Living Your Best Life is ecstatic to partner with Doing Good each month along with Mocha Market Magazine

Zetas Doing Good In the Community
Photo credit: Nashville Ledger


Friday, August 30, 2013

National Domestic Violence Awareness Month...One Woman's Journey

Often, through my social media channels, my column, and Living Your Best Life Radio, many connect with me to share stories that impact others in inspiring life changing ways. Most of the stories I hear are positive and uplifting. And then, there are some that break my heart.

In a series on domestic violence scheduled to run in October in several publications, I felt the power and strength of several women, their families, supporters, and advocates who will show us the frailty of the human condition and how we are innately equipped to be triumphant over evil with their stories. I also believe in learning through sharing. Many lessons can be learned through the wisdom of others telling their painful trials. Hopefully, many will connect with others who may be going through something similar.  Domestic violence can affect anyone, it does not discriminate. Domestic violence does not care about class, race, age, or gender.

The story of MBJ* was one that was extremely violent and affected me personally. She lives near me and is close to a family friend. MJB was kidnapped in 2011 and nearly killed by her then husband in front of her two small children. Shocked at the violence of her story that made national headlines, I asked her to share her story on Living Your Best Life and in print. She agreed. Here is an excerpt of an in dept story that shows the impact of domestic violence on the victim, the devastating aftermath on family members, and the domestic violence history behind the story.

GSH: What happened to you physically?

MBJ: I was stabbed in my thigh area slicing a nerve and muscle. I have permanent nerve damage and loss of muscle. I still suffer a lot of leg and muscle pain. I’m unable to stand for any length of time. I have problems walking any distance. I can not walk uphill at all. 

GSH: What was the emotional impact this attack has had on  you and your family? 

MBJ: I have many nightmares and flash backs of the event to the point of being put on medication. After two years, my 4 year old son still talks about the incident that happened. He tells everyone at day care what happened to his mom or whoever else will listen. My son has also asked me, if the knife was sharp, dull, and did it hurt me? My six year old daughter still talks about the day of the attack, and repeats the story to her teachers at school. Often, other children will tease her about her father being in prison. My 15 year old niece who was at home at the time, witnessed the incident has nightmares about the day of the attack. If she had not been there at the time, I would have been killed. My niece is the one who called 911! My ex-husband's sister and brother-in-law walked passed us and ignored my pleas for help.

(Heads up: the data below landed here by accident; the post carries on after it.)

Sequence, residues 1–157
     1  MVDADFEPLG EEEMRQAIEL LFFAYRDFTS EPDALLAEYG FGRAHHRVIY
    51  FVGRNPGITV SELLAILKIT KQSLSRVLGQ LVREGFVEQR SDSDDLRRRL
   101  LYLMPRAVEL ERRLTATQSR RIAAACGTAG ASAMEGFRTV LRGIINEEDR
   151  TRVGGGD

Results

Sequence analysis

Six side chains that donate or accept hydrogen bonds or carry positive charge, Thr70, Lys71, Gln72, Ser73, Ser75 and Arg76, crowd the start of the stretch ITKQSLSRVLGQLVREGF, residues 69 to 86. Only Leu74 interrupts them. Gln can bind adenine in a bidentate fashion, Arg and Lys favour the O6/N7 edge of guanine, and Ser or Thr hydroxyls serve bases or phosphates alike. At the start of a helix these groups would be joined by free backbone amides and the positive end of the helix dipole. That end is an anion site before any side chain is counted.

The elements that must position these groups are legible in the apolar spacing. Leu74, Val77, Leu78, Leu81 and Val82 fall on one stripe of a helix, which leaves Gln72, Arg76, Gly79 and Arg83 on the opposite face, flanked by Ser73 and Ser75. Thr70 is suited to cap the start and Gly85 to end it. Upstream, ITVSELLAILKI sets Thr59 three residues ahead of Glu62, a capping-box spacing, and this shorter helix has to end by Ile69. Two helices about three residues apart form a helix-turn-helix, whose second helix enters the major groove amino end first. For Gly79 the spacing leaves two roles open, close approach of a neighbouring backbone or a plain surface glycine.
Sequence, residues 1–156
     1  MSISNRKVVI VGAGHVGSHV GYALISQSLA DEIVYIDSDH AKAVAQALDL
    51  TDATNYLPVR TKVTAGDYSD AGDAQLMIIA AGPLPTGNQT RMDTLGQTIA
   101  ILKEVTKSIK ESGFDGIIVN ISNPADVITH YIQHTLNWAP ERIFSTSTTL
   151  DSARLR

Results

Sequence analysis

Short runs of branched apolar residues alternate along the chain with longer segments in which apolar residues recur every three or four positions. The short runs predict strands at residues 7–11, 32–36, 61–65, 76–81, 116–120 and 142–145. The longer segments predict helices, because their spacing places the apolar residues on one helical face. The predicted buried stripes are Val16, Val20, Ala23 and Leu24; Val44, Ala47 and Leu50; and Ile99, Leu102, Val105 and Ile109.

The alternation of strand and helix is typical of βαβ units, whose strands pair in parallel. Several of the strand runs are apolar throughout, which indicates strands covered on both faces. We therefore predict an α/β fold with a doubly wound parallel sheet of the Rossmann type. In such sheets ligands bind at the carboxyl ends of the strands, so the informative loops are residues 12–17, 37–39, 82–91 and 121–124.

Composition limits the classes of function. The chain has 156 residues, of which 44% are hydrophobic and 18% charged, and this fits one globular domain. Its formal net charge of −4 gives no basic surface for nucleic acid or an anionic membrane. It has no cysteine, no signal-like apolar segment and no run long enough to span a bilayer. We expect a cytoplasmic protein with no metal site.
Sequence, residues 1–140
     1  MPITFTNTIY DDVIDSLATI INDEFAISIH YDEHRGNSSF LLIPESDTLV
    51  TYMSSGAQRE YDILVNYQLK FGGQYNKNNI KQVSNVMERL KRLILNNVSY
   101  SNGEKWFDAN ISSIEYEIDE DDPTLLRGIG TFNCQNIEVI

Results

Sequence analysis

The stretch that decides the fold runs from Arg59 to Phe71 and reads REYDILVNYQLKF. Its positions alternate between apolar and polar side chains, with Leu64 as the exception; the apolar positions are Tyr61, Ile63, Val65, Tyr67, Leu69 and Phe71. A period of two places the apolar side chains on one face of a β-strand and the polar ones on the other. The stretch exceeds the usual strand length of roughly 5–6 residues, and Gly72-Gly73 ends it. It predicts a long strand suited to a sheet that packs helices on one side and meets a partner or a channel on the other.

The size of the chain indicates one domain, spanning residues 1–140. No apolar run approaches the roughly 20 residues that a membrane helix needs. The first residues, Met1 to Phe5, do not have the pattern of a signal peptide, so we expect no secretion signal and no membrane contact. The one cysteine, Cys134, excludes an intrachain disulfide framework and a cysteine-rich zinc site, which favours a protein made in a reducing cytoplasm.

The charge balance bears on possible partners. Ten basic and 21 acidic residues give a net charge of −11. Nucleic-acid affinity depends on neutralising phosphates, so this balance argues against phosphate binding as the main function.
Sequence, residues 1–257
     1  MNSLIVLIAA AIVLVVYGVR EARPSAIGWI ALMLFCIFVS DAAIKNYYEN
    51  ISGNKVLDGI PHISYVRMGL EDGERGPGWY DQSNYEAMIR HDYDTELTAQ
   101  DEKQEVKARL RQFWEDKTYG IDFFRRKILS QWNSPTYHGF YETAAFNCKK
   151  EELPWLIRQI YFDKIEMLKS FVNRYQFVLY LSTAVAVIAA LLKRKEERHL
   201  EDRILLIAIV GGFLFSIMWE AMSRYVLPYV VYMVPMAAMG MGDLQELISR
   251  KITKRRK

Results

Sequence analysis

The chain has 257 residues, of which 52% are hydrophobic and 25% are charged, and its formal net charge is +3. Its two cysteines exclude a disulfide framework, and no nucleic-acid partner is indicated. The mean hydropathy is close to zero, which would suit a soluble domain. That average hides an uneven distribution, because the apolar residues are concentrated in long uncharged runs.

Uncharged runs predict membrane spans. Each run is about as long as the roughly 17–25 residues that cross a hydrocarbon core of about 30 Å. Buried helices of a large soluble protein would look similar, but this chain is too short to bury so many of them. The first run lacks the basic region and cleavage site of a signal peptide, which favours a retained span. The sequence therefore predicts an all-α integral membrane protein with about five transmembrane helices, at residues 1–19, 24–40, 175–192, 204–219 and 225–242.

GSH: Have your injuries prevented you from working?

MBJ: I have been in the customer service industry most of my life. Since the 2011, I have not been able to do a lot of standing or excess amount of walking in order to take care of customers. I have also worked in the telecommunication field. I have not been unable to climb ladders to perform my job duties in the career I chose. I decided to go back to school to be able to have more options since I was limited after the attack.

GSH: How else has this effected your lifestyle and socialization with your children?

MBJ: I have been limited to the amount of extra activities I can participate in with my children that are 4 and 6. For example, this summer, I bought a water park season pass but even that causes too much pain for my limited abilities to take my children swimming. I did not realize I needed to climb the stairs for the slides.  

 GSH: What are some other situations you have encountered since your attack? 

MBJ: I have been told by his step brother that he wanted to kill me when he get out and would beat me until my eyes popped out of my head. He is up for parole because he only had to serve thirty percent of his twelve years. He also told his brother that he would finish me off and spend the rest of his life in prison. He also told me that his cell mate was a murder and he liked it. I took it to mean he was learning from him. I am in fear for my life when he is returned to society as well as in fear of him kidnapping my children. He also told me about a year ago that he would commit suicide at some point so that he wouldn’t have to do all this time. The way he said he would commit suicide was try running and let the guards kill him.

The abuser in this story has served time before for the exact crime against another woman. He served six years for the previous attack. 
(I was overwhelmed by the helplessness of victims, their families, and friends that I have interviewed and extremely grateful for their openness. Look for partnerships announcements soon for October, National Domestic Violence Awareness Month.)

Stay connected with me to learn more:
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Thursday, August 29, 2013

Veteran turned MTSU Raider Steven Rhodes: Husband and Full-time Dad before the Spotlight